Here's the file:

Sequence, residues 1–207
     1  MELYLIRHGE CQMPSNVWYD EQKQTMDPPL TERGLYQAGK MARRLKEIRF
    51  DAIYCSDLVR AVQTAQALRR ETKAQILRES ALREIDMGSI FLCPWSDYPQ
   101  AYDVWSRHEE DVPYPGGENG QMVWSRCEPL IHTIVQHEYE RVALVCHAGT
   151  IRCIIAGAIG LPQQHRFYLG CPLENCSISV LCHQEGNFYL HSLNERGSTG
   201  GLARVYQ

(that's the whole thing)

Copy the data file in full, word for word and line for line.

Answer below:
Sequence, residues 1–207
     1  MELYLIRHGE CQMPSNVWYD EQKQTMDPPL TERGLYQAGK MARRLKEIRF
    51  DAIYCSDLVR AVQTAQALRR ETKAQILRES ALREIDMGSI FLCPWSDYPQ
   101  AYDVWSRHEE DVPYPGGENG QMVWSRCEPL IHTIVQHEYE RVALVCHAGT
   151  IRCIIAGAIG LPQQHRFYLG CPLENCSISV LCHQEGNFYL HSLNERGSTG
   201  GLARVYQ